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People can fall victim to anaphylactic shock for a variety of different reasons. Anaphylactic shock is an allergic reaction to a foreign substance. These reactions can occur in response to eating some types of foods, being around animals that a person is allergic to, and sustaining bites or stings from venomous insects or spiders; and this is only naming a few causes. People can also go into anaphylactic shock in response to an allergy to alpha-gal, which is a type of sugar found in red meat. Typically, people never develop an allergy to alpha-gal, but several years ago, scientists learned that tick bites can cause their human victims to develop this particular allergy. There is still much research to be done on this particular tick-borne ailment, but researchers are convinced that a sizable percentage of people experience anaphylactic shock in response to this tick-borne condition, which is known as alpha-gal syndrome. Amazingly, officials with one clinic in Tennessee believe that a majority of anaphylaxis cases were caused by alpha-gal syndrome.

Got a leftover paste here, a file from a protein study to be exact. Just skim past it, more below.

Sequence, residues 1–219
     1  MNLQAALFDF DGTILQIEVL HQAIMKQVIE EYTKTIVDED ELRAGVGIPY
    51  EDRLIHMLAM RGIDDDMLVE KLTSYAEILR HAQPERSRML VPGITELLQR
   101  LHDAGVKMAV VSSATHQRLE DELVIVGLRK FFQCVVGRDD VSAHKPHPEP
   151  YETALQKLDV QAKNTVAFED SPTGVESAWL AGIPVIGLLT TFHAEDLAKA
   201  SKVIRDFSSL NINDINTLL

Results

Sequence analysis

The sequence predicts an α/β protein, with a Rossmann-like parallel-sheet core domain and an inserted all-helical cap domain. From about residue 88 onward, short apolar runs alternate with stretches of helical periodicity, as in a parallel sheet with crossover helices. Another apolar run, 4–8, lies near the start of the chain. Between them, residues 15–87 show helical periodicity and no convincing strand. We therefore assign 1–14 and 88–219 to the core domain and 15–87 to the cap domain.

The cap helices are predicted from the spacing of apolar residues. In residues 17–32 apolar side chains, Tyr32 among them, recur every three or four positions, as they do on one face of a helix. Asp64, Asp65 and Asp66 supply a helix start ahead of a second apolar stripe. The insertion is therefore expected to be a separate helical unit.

A recent study has found that most anaphylaxis cases at the Allergy and Asthma Group of Galen were caused by alpha-gal syndrome. This finding makes alpha-gal syndrome a far more common tick-borne disease than previously assumed. When considering the fact that researchers discovered alpha-gal syndrome back in 2008, this recent study is alarming, as it shows how rapidly this tick-borne disease can be transmitted to the human population.

 

In addition to the study’s findings, officials with the clinic also noted that the percentage of unknown anaphylaxis cases decreased from 59 to 35 percent after physicians started taking alpha-gal syndrome into account. Researchers have attributed this troubling trend to an increase in the lone star tick population in the eastern United States. This finding also supports recent studies suggesting that more cases of alpha-gal syndrome are causing anaphylaxis. Anaphylaxis is a potentially deadly allergic reaction that causes rashes, nausea, trouble breathing and shock.

 

Do you personally worry about developing alpha-gal syndrome due to tick bites?